The fact that even the chief minister of Andhra Pradesh and the Congress government at the Centre are not on the same page about the creation of Telangana clearly suggests that concerns of the people of Seemandhra remain unaddressed.india Updated: Oct 09, 2013 23:24 IST
The decision to bifurcate Andhra is a serious political miscalculation
With reference to the editorial, A case of really poor management (Our Take, October 8), the fact that even the chief minister of Andhra Pradesh N Kiran Kumar Reddy and the Congress government at the Centre are not on the same page about the creation of Telangana clearly suggests that concerns of the people of Seemandhra remain unaddressed.
After the death of YS Rajasekhara Reddy, the Congress saw its state unit slipping out of its hands. There-fore, in a state of panic, the party snubbed Jagan Mohan Reddy and eventually announced its decision to bifurcate Andhra Pradesh. The Congress forgot to take into account that Hyderabad would be the real bone of contention. The decision on Telangana is a case of political miscalculation.
Bal Govind, via email
A potential Third Front is still a non-starter and lacks cohesion
With reference to the editorial Every one is a ‘prime minister’ (Our Take, October 9), Samajwadi Party chief Mulayam Singh Yadav is right in saying that neither the Congress nor the BJP will win enough seats to form a government. However, his analysis is borne out of his aspirations to become prime minister.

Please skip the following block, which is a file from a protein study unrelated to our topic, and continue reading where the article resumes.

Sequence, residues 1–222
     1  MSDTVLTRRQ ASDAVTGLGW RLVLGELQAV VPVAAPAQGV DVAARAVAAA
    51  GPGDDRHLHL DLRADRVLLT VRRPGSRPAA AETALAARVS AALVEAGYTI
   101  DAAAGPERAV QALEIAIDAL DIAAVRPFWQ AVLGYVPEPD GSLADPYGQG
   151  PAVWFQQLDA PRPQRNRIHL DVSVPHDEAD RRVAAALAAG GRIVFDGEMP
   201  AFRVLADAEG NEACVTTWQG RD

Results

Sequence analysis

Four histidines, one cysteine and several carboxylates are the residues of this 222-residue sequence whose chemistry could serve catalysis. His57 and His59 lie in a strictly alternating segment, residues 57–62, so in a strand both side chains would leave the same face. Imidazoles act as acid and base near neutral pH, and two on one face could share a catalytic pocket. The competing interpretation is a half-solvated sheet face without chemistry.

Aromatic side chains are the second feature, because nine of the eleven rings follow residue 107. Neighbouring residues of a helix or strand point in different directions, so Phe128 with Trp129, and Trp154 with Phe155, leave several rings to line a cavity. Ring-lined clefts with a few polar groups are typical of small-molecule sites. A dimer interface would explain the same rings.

But this doesn’t mean that a Third Front will emerge. With multiple leaders pulling in different directions and every one harbouring the ambition to become PM, the idea of a Third front is still a non-starter. As political experts are predicting a hung Parliament, it is possible that the Congress could play the king-maker after the 2014 elections.
Surendra Deo Sahay, via email
Modi must realise that rhetoric will not solve the voters’ problems
With reference to the article We don’t need a saffron UPA (Bloody Mary, October 9), Sagarika Ghose has rightly said that by merely pointing out the shortcomings of the UPA government, Narendra Modi is not doing anybody any good. His criticism needs to be backed with remedial measures which unfortunately Modi has not been speaking about. Modi must realise that rhetoric will not solve problems. Voters need solutions to real problems.
Pramod Srivastava, via email